Tom Hanks charts a steady course towards a deserved sixth Oscar nomination for his tour-de-force portrayal of an unlikely hero in Paul Greengrass’s nerve-racking thriller.
Based on the book A Captain’s Duty by Richard Phillips and Stephan Talty, this expertly crafted picture dramatises the true story of an American seaman, whose cargo ship was hijacked by Somali pirates in 2009.
Working from a lean script by Billy Ray, Greengrass demonstrates once again why he is one of the finest directors of nail-biting action. From the moment the Somali pirates first appear on the radar, Captain Phillips leaves us feeling seasick with tension until the extraordinary final scene that releases all of that pent-up emotion in a torrent of tears.
Captain Phillips (Hanks) kisses his wife Andrea (Catherine Keener) goodbye and takes charge of his cargo vessel, the Maersk Alabama, bound for Mombasa, Kenya. He is aided by an international crew including Chief Mate Shane Murphy (Michael Chernus) and Chief Engineer Mike Perry (David Warshofsky). When pirates are spotted off the stern, Phillips telephones the authorities.
“Chances are they’re just fisherman,” says an operator.
“They’re not here to fish,” retorts the captain with mounting concern.
A tense game of cat and mouse culminates in the pirates boarding the vessel.
Phillips conceals the crew below deck in the engine room while he takes charge of the situation.
“Nobody get hurt, No al-Qaeda here,” promises chief hijacker Muse (Barkhad Abdi) with a sickening smile.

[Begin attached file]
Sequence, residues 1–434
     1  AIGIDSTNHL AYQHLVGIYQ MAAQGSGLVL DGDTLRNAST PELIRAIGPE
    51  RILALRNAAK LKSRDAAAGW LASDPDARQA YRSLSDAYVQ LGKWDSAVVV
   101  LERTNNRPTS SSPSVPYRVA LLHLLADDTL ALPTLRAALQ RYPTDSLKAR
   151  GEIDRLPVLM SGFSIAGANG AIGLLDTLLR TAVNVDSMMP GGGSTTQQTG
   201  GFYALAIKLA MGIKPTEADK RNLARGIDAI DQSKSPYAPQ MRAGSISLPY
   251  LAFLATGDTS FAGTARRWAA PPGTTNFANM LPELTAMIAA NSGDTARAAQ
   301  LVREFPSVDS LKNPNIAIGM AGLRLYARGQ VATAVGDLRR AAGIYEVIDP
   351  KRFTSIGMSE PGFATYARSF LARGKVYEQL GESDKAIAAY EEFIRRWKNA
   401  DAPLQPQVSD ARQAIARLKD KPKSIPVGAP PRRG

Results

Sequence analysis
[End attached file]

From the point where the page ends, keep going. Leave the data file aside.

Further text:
Faced with threats from Muse and his hot-headed compatriot Bilal (Barkhad Abdirahman), Phillips puts himself in harm’s way to ensure the safety of all on board. When the stand-off spirals out of control, the destroyer USS Bainbridge, captained by Frank Castellano (Yul Vazquez), races to the scene.
Phillips realises the gravity of his predicament and the potentially tragic outcome, telling his captors, “They would rather sink this boat than let you get me back to Somalia.”
Captain Phillips is one of the year’s best films. Hanks is flawless - we can see his mind whirring as he engineers distractions to keep the crew safe - and final gut-wrenching scenes wring him, and us, emotionally dry.
Abdi delivers a striking supporting performance, adding complexity to a role that could have easily been a caricature.
Greengrass’s propulsive direction, coupled with Christopher Rouse’s hyperkinetic editing and Henry Jackman’s heart-pounding orchestral score, leave us scant time to gasp for breath.